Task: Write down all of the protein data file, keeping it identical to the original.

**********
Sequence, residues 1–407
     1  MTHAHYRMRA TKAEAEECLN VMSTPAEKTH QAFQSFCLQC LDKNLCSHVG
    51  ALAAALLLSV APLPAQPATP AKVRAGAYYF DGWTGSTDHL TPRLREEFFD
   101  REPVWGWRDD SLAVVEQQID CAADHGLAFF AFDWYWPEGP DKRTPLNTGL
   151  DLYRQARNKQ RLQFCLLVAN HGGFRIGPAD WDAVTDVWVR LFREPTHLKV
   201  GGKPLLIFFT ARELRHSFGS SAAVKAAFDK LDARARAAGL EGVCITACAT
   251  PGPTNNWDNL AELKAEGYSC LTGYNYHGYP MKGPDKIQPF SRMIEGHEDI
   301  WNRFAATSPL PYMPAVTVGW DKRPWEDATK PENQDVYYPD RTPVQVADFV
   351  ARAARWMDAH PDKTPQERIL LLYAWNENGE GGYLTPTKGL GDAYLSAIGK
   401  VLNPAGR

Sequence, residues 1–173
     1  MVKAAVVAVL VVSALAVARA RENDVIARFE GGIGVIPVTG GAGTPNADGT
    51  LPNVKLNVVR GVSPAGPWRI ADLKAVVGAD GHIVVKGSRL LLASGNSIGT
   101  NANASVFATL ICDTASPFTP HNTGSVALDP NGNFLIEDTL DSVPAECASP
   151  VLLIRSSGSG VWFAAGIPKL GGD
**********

Sequence, residues 1–407
     1  MTHAHYRMRA TKAEAEECLN VMSTPAEKTH QAFQSFCLQC LDKNLCSHVG
    51  ALAAALLLSV APLPAQPATP AKVRAGAYYF DGWTGSTDHL TPRLREEFFD
   101  REPVWGWRDD SLAVVEQQID CAADHGLAFF AFDWYWPEGP DKRTPLNTGL
   151  DLYRQARNKQ RLQFCLLVAN HGGFRIGPAD WDAVTDVWVR LFREPTHLKV
   201  GGKPLLIFFT ARELRHSFGS SAAVKAAFDK LDARARAAGL EGVCITACAT
   251  PGPTNNWDNL AELKAEGYSC LTGYNYHGYP MKGPDKIQPF SRMIEGHEDI
   301  WNRFAATSPL PYMPAVTVGW DKRPWEDATK PENQDVYYPD RTPVQVADFV
   351  ARAARWMDAH PDKTPQERIL LLYAWNENGE GGYLTPTKGL GDAYLSAIGK
   401  VLNPAGR

Sequence, residues 1–173
     1  MVKAAVVAVL VVSALAVARA RENDVIARFE GGIGVIPVTG GAGTPNADGT
    51  LPNVKLNVVR GVSPAGPWRI ADLKAVVGAD GHIVVKGSRL LLASGNSIGT
   101  NANASVFATL ICDTASPFTP HNTGSVALDP NGNFLIEDTL DSVPAECASP
   151  VLLIRSSGSG VWFAAGIPKL GGD